The mirroring is accomplished via wget which runs daily to keep the content up to date. The intelligent DNS resolution is done through Cisco Distributed Directors which can determine if a web server is available and only returns the IP address(es) of healthy servers to client requests. Any questions about the process can be directed to the NOAA-Boulder NOC firstname.lastname@example.org.
Marla takes minutes of NLR meetings, and puts them on the NLR website at http://www.nlr.net/board/. She develops the pages on netserver in /usr/web/nlr/board. They get copied to the NLR web server every night. See How the web pages are copied to their servers. All the files in netserver:/usr/web/nlr/board are copied to the NLR web server at webdoc2.grnoc.iu.edu.
NETS maintains the UCAR phone directories, in /usr/web/nets/ucar-directories and /usr/web/nets/internal/ucar-directories. WEG (Markus Stobbs) maintains the headers on some of the pages. The headers say "People Search". When Markus needs to update the headers, he asks us to edit some of the directory files. The files that have Markus's stuff in them are:
Markus will supply a new styles.css file and the HTML for the first table in the .html files.
NETS staff edits web pages on the netserver machine. Every night, cron jobs copy the web pages to their "production" web servers. All the cron jobs that copy web pages are run as "siemsen" except the cron job that copies the NLR web tree, which is run as root. As of 2006-02-16, when I logged in as siemsen and did a "crontab -l" command:
12 1 * * * /usr/web/copyweb/copy-cyrdas-to-webpub.sh
22 1 * * * /usr/web/copyweb/copy-cyrdaswww-to-webpub.sh
32 1 * * * /usr/web/copyweb/copy-ncab-to-webpub.sh
42 1 * * * /usr/web/copyweb/copy-npad-to-webpub.sh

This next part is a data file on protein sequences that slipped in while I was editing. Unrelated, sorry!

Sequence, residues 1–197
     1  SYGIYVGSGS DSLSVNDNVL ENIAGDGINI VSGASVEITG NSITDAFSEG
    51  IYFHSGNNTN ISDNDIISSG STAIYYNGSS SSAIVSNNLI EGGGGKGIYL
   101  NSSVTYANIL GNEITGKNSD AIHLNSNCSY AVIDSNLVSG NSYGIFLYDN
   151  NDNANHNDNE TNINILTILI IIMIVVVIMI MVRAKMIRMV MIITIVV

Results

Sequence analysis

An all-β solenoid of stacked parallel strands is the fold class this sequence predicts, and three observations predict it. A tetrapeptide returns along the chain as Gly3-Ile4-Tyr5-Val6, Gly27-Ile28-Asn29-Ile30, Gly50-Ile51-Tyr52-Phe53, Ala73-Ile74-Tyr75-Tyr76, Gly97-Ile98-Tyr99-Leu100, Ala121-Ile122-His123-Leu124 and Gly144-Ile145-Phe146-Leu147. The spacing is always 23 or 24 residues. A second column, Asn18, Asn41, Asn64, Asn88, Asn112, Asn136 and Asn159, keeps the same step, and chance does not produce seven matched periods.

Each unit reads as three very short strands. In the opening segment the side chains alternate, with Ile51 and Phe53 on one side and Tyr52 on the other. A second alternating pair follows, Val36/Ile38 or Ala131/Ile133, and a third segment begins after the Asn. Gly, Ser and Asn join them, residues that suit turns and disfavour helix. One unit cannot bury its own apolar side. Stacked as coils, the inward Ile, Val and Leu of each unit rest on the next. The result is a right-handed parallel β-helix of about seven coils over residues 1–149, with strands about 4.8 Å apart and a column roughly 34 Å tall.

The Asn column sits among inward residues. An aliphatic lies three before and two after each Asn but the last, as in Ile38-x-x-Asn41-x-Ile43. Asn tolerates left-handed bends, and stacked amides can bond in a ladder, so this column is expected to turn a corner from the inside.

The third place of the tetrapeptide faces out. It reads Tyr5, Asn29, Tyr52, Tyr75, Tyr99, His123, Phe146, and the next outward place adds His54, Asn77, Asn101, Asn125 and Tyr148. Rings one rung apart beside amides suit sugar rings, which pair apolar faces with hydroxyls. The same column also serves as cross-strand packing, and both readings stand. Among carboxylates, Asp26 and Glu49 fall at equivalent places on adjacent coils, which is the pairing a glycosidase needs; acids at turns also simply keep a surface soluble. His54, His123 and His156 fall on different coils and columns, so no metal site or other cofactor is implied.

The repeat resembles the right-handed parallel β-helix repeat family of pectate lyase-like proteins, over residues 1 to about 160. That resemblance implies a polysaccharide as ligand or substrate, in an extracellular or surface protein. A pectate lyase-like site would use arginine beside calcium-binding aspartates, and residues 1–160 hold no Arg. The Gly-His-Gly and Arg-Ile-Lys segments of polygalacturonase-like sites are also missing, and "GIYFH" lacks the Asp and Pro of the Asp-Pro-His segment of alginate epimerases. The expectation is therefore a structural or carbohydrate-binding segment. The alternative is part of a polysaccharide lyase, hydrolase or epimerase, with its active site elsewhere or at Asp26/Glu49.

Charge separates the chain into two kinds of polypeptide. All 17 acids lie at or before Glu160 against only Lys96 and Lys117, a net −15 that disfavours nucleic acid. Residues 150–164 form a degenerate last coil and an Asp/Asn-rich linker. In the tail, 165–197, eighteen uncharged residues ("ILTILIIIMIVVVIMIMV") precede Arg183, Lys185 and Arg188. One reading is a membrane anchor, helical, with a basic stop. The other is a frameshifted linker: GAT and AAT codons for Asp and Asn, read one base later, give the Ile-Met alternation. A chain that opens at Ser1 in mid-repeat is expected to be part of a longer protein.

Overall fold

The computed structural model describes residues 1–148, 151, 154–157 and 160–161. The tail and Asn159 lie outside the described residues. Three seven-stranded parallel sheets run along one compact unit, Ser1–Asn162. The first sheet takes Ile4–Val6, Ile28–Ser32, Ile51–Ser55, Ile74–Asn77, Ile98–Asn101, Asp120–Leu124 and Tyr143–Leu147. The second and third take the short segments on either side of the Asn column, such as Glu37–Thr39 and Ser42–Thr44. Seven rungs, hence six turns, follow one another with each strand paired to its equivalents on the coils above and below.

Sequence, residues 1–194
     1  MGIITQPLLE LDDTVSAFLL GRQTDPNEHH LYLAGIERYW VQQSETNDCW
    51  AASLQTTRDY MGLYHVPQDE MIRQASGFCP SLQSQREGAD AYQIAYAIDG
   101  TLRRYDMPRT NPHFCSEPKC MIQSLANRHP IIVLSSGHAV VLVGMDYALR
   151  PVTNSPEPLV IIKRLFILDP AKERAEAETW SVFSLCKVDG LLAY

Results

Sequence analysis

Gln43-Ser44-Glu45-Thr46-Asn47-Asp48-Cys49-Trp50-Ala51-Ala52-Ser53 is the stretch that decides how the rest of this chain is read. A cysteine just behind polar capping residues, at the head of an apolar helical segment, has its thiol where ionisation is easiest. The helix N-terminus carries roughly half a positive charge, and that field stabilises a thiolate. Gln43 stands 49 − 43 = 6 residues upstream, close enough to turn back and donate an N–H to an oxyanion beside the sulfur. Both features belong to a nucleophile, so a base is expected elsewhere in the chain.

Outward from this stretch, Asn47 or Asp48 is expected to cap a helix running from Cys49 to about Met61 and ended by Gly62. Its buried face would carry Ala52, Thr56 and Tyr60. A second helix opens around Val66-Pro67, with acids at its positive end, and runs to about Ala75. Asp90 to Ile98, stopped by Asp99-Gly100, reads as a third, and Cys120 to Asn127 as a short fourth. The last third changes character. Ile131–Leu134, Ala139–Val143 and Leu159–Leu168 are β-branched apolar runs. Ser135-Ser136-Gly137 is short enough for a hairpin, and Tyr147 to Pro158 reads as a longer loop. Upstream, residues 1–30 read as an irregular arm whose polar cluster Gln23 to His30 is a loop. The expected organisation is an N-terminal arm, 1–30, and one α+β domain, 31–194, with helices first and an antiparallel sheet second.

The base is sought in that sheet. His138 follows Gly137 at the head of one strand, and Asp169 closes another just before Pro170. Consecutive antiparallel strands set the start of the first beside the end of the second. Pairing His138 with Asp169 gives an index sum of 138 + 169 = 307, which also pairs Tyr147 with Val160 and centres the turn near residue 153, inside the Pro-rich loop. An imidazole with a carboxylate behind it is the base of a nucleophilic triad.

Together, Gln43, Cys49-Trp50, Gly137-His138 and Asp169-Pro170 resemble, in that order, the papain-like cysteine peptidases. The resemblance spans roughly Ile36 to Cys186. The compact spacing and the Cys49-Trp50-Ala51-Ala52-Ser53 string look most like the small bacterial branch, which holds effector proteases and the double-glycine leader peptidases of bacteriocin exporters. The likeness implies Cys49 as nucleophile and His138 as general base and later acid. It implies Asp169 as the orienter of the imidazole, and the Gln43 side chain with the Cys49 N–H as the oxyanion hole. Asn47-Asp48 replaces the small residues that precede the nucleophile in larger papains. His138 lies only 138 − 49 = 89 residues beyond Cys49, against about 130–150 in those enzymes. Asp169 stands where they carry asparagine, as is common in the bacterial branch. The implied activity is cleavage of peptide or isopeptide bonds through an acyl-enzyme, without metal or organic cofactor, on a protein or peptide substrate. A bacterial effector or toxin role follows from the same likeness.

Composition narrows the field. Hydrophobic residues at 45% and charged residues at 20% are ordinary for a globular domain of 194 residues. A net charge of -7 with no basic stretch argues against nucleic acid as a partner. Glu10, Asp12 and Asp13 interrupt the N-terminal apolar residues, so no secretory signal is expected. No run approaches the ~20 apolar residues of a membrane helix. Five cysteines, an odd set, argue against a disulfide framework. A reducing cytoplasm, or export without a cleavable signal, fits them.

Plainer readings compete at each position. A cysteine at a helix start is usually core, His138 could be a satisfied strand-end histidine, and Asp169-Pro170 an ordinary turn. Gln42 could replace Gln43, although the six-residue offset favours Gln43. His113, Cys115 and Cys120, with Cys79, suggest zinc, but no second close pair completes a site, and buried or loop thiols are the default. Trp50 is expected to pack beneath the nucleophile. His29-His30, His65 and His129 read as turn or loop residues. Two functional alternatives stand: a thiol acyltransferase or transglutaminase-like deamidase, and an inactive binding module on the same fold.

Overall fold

52 1 * * * /usr/web/copyweb/copy-portlists-to-webpub.sh
12 2 * * * /usr/web/copyweb/copy-accis-to-webpub.sh
# nlr is now copied by a root cron job
#22 2 * * * /usr/web/copyweb/copy-nlr-to-bix.sh
32 2 * * * /usr/web/copyweb/copy-irwin-to-webpub.sh
12 3 * * * /usr/web/nets/internal/convert-contacts/convert-contacts.pl
22 3 * * * /usr/web/copyweb/copy-bran-to-webpub.sh
42 3 * * * /usr/web/copyweb/copy-nets-to-netman.sh
12 4 * * * /usr/web/copyweb/copy-frgp-to-frgp.sh
42 4 * * * /usr/web/copyweb/copy-nets-to-webpub.sh
12 5 * * * /usr/web/copyweb/copy-nets-to-nagman.sh
The cron jobs use rsync, and rsync uses ssh to transfer the files. To satisfy CSAC policies for secure file transfer, we adhere to the NETS System Administration Best Practices for SSH and cron jobs. See those pages for a description of how ssh keys are managed for copying pages to servers.
For the NLR web pages, there is a cron job on netserver that runs /usr/web/copyweb/main.sh every night. The main.sh script runs several other scripts, one of which is named copy-nlr-to-nlrserver.sh. That script copies the NLR board web pages from /usr/web/nlr/board/bd/ to the NLR web server named webdoc.grnoc.iu.edu. The script executes an rsync command to do the copy. It uses ssh as the transport mechanism, and requires an account on the NLR web server to exist. The NLR folks have created an account named nlrboard for this purpose.
There are some directories that are explicitly excluded from being copied to other machines every night. Two examples are the NETS and FRGP /stats directories. The NETS /stats directory is simply not copied - it doesn't exist on the production web server. Here's the README.txt file that explains how the FRGP /stats directory is handled.
This text is found in the netserver:/usr/web/frgp/stats/README.txt file and in the frgp-ws-1:/usr/web/stats/README.txt file and in netserver:/usr/web/nets/intro/how-pages-work/index.html, a.k.a. http://netserver.ucar.edu/nets/intro/how-pages-work/. It text explains why the FRGP /stats directory is handled specially by the cron job that copies files from netserver to the FRGP workstation.
A nightly cron job on netserver runs a shell script named /usr/web/copyweb/copy-frgp-to-frgp.sh, which copies web pages from netserver to the FRGP workstation. The shell script is responsible for copying the entire /usr/web/frgp directory tree from netserver to the FRGP workstation. This /stats directory is a subdirectory of /usr/web/frgp, but it gets copied differently than all the other subdirectories under /usr/web/frgp.